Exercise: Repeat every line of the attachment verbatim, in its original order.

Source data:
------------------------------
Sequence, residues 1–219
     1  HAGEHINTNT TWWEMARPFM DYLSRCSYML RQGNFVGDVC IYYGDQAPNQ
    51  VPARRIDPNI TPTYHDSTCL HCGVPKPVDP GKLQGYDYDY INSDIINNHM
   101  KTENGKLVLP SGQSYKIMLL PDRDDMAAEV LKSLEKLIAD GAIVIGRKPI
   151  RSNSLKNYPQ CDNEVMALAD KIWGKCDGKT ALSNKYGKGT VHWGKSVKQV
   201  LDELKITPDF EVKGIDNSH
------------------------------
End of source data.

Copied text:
Sequence, residues 1–219
     1  HAGEHINTNT TWWEMARPFM DYLSRCSYML RQGNFVGDVC IYYGDQAPNQ
    51  VPARRIDPNI TPTYHDSTCL HCGVPKPVDP GKLQGYDYDY INSDIINNHM
   101  KTENGKLVLP SGQSYKIMLL PDRDDMAAEV LKSLEKLIAD GAIVIGRKPI
   151  RSNSLKNYPQ CDNEVMALAD KIWGKCDGKT ALSNKYGKGT VHWGKSVKQV
   201  LDELKITPDF EVKGIDNSH